For the past several months I have been seeking ways to effectively pray for my neighborhood, my country, and the entire global community. I find my quest easier when I gratefully acknowledge that I am not alone in this endeavor. Many are sincerely seeking answers that promise peace, harmony, and prosperity to all peoples of our world.
Armed with this shared purpose, I’ve pondered whether there is a way to respond with healing to reports insisting that worldwide governmental problems are the norm. Is there an answer for those who feel the governance of their community or nation is leading to conflict rather than peace, distrust rather than unity, hostility rather than compassion?
As a student of the Bible-based teachings of Christian Science, my starting point was to turn my attention to God. Answers I could pray with began coming when I searched “Science and Health with Key to the Scriptures” by Mary Baker Eddy, who discovered Christian Science. She writes, “Jesus taught that the kingdom of God is intact, universal, and that man is pure and holy” (p. 477).
God is infinite; therefore, His kingdom is infinite, governed by Him alone, divine Principle. In reality there is only one realm – in which man, God’s reflection, is pure and harmonious, free to exercise divinely authorized freedom and dominion.
Sometimes overwhelming negative commentary can seem to overshadow the superiority of God’s reign of harmony and tempt us to react with discouragement, fear, and criticism. These reactions are not unlike what King Hezekiah and the children of Israel might have felt long ago. The Assyrians were coming to destroy them. Even though he was tempted to fear these aggressive threats, King Hezekiah’s love for and trust in God impelled him to turn to God, divine Love, for help.
The prophet Isaiah immediately assured Hezekiah: “Thus saith the Lord concerning the king of Assyria, He shall not come into this city, nor shoot an arrow there, nor come before it with shield, nor cast a bank against it.... For I will defend this city, to save it” (II Kings 19:32, 34). The attacking army was resoundingly defeated.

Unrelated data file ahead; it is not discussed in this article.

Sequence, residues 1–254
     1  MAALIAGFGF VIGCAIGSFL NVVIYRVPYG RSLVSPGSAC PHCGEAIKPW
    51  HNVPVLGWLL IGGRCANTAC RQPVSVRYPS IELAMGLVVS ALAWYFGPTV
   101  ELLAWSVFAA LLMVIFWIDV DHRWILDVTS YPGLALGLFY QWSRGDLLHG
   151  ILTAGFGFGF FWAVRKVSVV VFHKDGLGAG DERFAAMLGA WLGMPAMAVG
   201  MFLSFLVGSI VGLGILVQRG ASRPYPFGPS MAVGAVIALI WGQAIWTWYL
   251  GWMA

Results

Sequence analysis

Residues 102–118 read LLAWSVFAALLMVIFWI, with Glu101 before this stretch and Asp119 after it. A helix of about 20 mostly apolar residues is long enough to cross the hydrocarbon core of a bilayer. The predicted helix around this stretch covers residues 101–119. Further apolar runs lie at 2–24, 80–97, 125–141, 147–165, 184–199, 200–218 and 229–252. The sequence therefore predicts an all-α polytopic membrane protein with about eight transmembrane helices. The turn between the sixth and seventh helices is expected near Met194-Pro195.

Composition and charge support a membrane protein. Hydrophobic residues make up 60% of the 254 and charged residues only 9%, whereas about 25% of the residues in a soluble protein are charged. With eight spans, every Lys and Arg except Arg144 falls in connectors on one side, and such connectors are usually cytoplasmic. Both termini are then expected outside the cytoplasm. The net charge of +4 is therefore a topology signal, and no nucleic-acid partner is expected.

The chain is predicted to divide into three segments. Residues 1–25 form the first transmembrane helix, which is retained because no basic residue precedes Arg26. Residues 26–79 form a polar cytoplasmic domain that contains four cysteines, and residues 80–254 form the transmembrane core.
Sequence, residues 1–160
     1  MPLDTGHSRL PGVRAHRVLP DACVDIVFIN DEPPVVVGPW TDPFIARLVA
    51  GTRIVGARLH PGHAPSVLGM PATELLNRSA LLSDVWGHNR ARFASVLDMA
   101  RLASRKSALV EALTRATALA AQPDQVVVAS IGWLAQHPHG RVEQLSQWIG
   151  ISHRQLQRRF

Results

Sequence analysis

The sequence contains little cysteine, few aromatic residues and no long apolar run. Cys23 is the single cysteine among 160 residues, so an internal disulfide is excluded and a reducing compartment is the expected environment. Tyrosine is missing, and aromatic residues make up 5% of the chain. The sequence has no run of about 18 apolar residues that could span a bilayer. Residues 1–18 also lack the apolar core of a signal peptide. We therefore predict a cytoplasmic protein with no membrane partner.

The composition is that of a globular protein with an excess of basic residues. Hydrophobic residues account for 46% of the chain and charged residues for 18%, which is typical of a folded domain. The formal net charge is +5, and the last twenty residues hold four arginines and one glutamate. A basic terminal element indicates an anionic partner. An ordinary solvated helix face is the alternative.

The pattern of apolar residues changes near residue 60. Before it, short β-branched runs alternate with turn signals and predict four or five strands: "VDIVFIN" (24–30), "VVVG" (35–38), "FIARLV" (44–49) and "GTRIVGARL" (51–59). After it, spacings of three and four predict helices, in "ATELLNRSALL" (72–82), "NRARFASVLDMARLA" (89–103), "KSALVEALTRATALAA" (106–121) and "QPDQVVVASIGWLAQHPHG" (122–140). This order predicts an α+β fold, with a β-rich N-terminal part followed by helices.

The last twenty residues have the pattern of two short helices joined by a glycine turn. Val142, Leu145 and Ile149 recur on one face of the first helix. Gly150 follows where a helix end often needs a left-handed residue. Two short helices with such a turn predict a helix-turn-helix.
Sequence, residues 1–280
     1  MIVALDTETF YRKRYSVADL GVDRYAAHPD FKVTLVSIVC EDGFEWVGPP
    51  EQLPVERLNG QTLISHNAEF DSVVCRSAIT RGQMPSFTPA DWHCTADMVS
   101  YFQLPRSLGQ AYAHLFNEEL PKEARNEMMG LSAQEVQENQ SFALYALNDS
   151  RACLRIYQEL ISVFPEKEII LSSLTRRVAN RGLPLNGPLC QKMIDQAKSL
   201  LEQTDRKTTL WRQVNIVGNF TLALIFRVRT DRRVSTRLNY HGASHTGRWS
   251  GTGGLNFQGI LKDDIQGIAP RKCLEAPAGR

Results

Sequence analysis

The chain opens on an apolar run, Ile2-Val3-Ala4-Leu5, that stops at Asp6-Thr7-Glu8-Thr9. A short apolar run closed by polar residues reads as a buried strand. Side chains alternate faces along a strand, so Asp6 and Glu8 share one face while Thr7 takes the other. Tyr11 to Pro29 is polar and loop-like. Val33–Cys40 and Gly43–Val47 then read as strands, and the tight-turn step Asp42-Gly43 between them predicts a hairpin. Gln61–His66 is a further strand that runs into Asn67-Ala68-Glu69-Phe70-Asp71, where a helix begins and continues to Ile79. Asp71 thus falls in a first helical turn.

The lessons of this story teach that the enemy of God, good, has no authority, but rather is vulnerable to destruction. God, infinite good, did not create evil. God, the only power, defends His people. If we’re faced with evidence that questions the presence of the harmony of His government, we need only turn to God to witness His ever-present love and sure defense of His beloved spiritual creation, man and the universe.
The Apostle Paul firmly establishes that nothing can separate us from the power of divine Love (see Romans 8:38, 39). Like Christ Jesus, he understood that because he could not be apart from God’s love, he could safely communicate the good news of the Christ message – the message that God’s infinite reign is ever present, bringing freedom from oppression, persecution, tyranny, sin, disease. And understanding his inseparability from divine Love, Paul was free to love everyone, even those who opposed him and the Christ, Truth.
Universal spiritual love – seeing everyone as God created them – is our model for following Christ Jesus, for realizing God’s kingdom of harmony as a present fact, and for bringing peace and healing to the world.
But can we really love everyone? All the time? Even when a nation or some of its citizens appear to be expressing qualities that oppose their Godlike nature? Yes, especially then!
When we understand our spiritual nature as God’s reflection, we can see the truth of our identity and love ourselves. Then we’ll naturally behold our fellow man’s spiritual identity and love our neighbors. Viewing everyone through the lens of divine Love, we witness ourselves and our neighbors as citizens of the kingdom of God, pure and harmonious, expressing integrity, a desire for peace, love for God and man.
Clad in the armor of spiritual understanding, we can stand firm in the truth that we and all mankind are embraced in the infinite reality of God’s universal kingdom of heaven, His harmony, right now.
Adapted from an article published in the Oct. 23, 2017, issue of the Christian Science Sentinel.